Hey there, devoted fans and followers (a.k.a. mostly friends of my parents). It’s been 7 weeks since I left the U.S… Seven happens to also be the number tons of meat, yucca, and fried carbs I have eaten here in Paraguay (more on that in a future blog post).
Despite social media evidence to the contrary, Peace Corps training hasn’t been all puppies and kittens and sunshine. The first week was really hard; I was homesick, physically sick, and wondering whether I’d made the right decision to come down here. In my seventh week, I still have some doubts and miss the people and places back home, but this experience is growing on me. I am staying with a nice host family, and the other trainees in my community are wonderful. I enjoy our classes, and I am back to being excited about swearing in as a volunteer in December.
You might have been under the impression that I already was a Peace Corps Volunteer. I’m sure that’s what my parents have been telling people (when they’re not talking about their younger daughter who was on SNL a few weeks ago). In reality, we don’t swear in as Volunteers (PCVs) until December. In the meantime, we have 10 weeks of training, which are also known as a 10-week job interview. For now, I am a Peace Corps Trainee (PCT).
The life of a PCT is quite busy. Monday-Friday we are in classes from 7:45 am to 5 pm, and Saturdays we have class from 7:45 to 11:30 am. In our limited free time, we are supposed to be studying our languages, practicing cultural integration, and working on a project with a member of our community. In reality, we have also spent a decent amount of time doing laundry, hanging in hammocks, taking pictures of baby animals, dancing, and eating ice cream and pizza.
But most of the time is spent in classes, which are divided between language and culture, tech training, security, and health. Security and health briefings mean that every few days we learn about a new thing that could go terribly wrong. We also occasionally talk about topics related to the Peace Corps’ mission and our role in it, which inevitably leads to a healthy but somewhat off-topic discussion about U.S. foreign policy (e.g. how our government supported a dictatorship here). (Note: Peace Corps Volunteers do not and have never reported to the U.S. embassy nor any other agency.)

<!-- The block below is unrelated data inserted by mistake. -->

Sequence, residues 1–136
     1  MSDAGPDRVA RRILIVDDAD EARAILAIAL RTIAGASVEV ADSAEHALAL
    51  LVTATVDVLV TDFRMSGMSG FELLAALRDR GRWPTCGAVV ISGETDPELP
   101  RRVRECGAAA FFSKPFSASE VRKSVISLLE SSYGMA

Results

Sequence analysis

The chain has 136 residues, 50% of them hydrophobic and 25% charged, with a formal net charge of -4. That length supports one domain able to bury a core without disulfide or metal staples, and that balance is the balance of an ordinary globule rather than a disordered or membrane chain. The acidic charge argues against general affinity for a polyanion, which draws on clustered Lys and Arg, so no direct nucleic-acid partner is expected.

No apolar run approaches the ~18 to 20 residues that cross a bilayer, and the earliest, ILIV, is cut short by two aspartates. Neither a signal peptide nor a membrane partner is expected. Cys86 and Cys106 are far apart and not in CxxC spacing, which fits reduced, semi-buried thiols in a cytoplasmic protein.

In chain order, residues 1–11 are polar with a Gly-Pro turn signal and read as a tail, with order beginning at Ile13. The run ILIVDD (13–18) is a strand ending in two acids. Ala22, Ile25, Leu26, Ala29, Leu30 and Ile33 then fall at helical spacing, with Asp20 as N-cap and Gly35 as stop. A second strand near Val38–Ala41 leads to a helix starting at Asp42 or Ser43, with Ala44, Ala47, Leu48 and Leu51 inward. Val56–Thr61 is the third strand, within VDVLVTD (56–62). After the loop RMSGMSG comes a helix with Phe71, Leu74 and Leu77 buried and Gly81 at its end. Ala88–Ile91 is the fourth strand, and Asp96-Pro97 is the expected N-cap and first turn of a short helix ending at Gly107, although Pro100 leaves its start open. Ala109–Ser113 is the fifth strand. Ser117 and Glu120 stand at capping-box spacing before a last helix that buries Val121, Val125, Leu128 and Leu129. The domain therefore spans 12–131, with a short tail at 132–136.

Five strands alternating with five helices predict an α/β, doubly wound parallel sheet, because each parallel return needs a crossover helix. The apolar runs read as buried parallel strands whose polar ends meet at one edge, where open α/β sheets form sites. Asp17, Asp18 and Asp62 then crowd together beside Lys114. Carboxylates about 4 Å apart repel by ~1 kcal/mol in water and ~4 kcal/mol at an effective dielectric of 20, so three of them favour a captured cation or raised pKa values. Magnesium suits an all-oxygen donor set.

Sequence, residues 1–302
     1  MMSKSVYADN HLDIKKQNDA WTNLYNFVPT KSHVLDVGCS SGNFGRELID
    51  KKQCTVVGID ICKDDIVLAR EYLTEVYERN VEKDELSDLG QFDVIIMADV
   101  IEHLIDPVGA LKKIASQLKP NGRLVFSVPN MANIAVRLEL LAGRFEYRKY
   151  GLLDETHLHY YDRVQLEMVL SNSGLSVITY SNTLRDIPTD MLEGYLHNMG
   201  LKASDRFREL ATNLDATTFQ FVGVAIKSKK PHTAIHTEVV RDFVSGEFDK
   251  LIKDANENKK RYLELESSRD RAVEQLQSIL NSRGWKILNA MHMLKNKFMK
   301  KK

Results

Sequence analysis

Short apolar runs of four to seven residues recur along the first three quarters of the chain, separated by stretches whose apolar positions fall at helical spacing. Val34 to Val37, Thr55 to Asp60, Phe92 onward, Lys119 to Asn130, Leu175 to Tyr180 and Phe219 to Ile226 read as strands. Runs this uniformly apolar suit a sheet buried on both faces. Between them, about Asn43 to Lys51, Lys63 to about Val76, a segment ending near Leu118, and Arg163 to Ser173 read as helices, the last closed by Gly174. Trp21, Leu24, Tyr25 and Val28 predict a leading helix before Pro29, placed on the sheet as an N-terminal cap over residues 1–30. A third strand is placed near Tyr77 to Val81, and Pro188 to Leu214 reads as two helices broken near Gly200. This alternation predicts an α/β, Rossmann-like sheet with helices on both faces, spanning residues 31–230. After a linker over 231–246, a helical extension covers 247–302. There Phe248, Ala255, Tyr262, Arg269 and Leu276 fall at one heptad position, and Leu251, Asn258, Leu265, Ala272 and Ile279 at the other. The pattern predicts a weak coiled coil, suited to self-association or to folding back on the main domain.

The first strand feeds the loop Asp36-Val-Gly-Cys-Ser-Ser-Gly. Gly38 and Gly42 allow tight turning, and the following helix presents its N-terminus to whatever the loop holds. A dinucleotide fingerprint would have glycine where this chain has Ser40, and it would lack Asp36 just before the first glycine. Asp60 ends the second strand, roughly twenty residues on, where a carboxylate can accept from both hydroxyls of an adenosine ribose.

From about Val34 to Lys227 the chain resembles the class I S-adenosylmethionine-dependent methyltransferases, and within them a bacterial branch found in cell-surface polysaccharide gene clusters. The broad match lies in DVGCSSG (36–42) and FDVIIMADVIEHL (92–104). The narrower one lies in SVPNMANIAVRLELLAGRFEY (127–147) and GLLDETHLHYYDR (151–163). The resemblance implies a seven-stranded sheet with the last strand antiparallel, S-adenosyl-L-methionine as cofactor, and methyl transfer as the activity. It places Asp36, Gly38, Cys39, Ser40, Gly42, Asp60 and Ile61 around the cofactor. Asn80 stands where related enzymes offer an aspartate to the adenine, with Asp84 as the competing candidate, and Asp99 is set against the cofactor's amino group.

The majority of our class time is reserved for language and technical training. I am an Environmental Sector PCT, so I am learning about biodiversity, gardening, composting, agroforestry and reforestation, environmental education, waste management, recycled art, soil, and more. We built a garden, organized a community trash clean-up, and planted trees, among other activities.
I am also learning Guarani. This is an indigenous language spoken by almost all Paraguayans (some of whom speak little Spanish), which I only learned about when going through the Peace Corps application process. Our Guarani classes are taught in Spanish by some pretty amazing language teachers. While I’ve learned relatively little Guarani in 7 weeks and cannot for the life of me pronounce certain letters, I think it is less challenging than Spanish (and certainly English) when it comes to grammar. I am also feeling relatively confident in my Spanish communication skills, which are quite far from fluency but adequate for discussing most thing.
Outside of the 7:45-5 class schedule, we’ve had a few official trips to other parts of Paraguay. One day, we completed a sort of scavenger hunt in the capital city of Asuncion. With another trainee, I was told to explore a market where you can buy almost anything (legal or illegal) and to visit a museum about the dictatorship. More recently, each trainee visited a current volunteer for 4 days. I went to a site about 2 hours away by bus. It rained most of the time I was there, so the volunteer and I worked in her community’s school one of the days but spent most of the week watching movies and cooking foods with flavors from home. This past week we had a “Long Field Practice” where we went to a visit another volunteer in small groups lead by a teacher. My group drove about 5 hours to a relatively rural site. We gave “charlas” (chats or presentations) to elementary school students, helped build a table from “eco bricks” (made from plastic bottles stuffed with trash), practiced Guarani, and explored the community and its surroundings (including a waterfall).
In a week, I will know my own site placement – the place I will call home for two years. It’s an exciting and challenging and confusing time that I cannot begin to describe in this blog post. …Actually, I could describe it, but I’ve chosen not to so that I can finally post this update without making you read an entire novel. So until next time, I wish you all happiness and a resounding defeat of Donald Trump.